Steve Hendrickson is putting on the deerstalker and lighting the pipe as Sherlock Holmes for the fourth go around. This time, the location is a bit unfamiliar. At least, unfamiliar for Holmes.
Park Square Theatre presents the premiere of Sherlock Holmes and the Ice Palace Murders, which adapts one of Larry Millet’s novels that places the great detective in Minnesota.
“It’s Larry Millet filtered through Jeffrey Hatcher. It has a very similar feel to the last one, Sherlock Holmes and the Suicide Club. Jeff has a definite sort of tone with the character. If you liked The Suicide Club you will like this Holmes. It is very much in that milieu again,” Hendrickson says.
The lanky Hendrickson understands the longstanding appeal of Arthur Conan Doyle’s character.
“The fun of watching the stories is that there is never really any doubt that Holmes will solve the mystery in the end. The fun is seeing how it is going to happen. If the writer is playing fair, we have more or less the same information Holmes has. How well are we going to keep up?” Hendrickson says.
Beyond the mysteries, there is the character himself. Or maybe that should be characters, as Dr. John Watson is a vital part of the equation. Hendrickson is joined by Bob Davis for the third time as Holmes’s great friend.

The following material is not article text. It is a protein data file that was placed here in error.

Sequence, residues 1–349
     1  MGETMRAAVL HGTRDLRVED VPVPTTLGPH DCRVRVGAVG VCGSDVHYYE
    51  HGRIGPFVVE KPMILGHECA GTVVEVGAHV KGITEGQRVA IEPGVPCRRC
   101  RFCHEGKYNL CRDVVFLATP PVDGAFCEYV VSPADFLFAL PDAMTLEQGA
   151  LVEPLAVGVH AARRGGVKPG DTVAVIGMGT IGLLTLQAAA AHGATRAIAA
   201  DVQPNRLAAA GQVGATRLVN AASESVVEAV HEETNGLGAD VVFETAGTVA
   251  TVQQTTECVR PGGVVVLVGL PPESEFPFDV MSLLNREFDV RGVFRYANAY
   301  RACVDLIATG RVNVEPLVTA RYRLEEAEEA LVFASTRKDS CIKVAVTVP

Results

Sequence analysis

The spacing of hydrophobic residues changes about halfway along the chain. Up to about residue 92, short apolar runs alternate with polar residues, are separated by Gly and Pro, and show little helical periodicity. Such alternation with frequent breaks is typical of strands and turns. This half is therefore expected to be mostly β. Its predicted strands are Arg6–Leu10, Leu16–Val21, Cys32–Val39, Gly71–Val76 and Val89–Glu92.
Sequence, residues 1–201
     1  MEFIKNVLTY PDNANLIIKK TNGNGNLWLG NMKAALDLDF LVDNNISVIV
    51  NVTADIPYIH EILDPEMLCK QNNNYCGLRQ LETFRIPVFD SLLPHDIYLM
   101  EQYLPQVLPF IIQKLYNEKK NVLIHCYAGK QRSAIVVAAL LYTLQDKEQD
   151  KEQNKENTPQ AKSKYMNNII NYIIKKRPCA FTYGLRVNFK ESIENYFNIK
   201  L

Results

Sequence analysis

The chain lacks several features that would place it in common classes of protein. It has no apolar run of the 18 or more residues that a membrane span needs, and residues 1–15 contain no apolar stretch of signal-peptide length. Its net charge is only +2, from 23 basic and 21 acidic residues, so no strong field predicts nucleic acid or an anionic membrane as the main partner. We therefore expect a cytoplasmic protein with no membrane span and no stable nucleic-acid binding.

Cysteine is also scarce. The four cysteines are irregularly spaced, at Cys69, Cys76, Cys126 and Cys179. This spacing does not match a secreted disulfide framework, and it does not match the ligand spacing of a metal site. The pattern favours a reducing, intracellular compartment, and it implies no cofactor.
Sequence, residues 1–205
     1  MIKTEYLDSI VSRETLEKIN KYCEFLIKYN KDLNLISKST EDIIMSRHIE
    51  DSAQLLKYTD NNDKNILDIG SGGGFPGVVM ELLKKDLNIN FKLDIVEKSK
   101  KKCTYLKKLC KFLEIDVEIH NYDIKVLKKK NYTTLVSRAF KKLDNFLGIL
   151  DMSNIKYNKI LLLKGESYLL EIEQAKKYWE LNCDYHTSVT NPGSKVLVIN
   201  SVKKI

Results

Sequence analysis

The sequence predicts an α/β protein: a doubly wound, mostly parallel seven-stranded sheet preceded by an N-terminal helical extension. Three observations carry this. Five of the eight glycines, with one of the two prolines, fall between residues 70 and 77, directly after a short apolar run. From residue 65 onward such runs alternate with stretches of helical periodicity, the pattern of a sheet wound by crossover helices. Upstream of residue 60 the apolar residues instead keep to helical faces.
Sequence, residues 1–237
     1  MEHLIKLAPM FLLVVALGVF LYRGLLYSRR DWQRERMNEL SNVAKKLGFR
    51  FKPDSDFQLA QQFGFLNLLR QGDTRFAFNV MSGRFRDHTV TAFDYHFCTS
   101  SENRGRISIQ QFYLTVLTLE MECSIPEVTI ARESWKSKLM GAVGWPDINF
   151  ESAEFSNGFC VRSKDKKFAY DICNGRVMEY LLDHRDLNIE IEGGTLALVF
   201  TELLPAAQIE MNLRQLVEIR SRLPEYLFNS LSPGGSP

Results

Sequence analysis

The friendship exists offstage as well. “When I moved back to the Twin Cities in 1989, Bob was in the first play I did. We have been friends ever since. We have evolved a pretty nice chemistry with each other. There is a lot of non-verbal communication we have. I respect Bob very much, and I think he respects me. I can’t even begin to count how many times we have worked together,” Hendrickson says.
As the title suggests, the crime Holmes and Watson are entangled with is set at the Saint Paul Winter Carnival. The year is 1896, and Minnesota is a bit more rugged than the friendly hearth at 221B Baker Street.
“It takes Holmes and Watson out of their comfort zone. They are coming to a world that operates a little differently. There is a wonderful character who is a woman newspaper reporter. She brings a different kind of energy into the story. It is something that knocks Holmes and Watson a bit,” Hendrickson says.
And playing the character is always a blast.
“He is an extraordinarily popular character. At the time, offering his services as a consultant was a radical idea. People from all social strata would come to him. He’s not interested in class or money, only if you have an interesting idea,” Hendrickson says.
IF YOU GO
Sherlock Holmes and the Ice Palace Murders
The show is in previews through Thursday, opens Friday, and runs through July 26
Park Square Theatre
20 W. Seventh Pl., St. Paul
$40-$60 ($27-$37 previews)
For tickets and more information, call 651-291-7005 or visit online.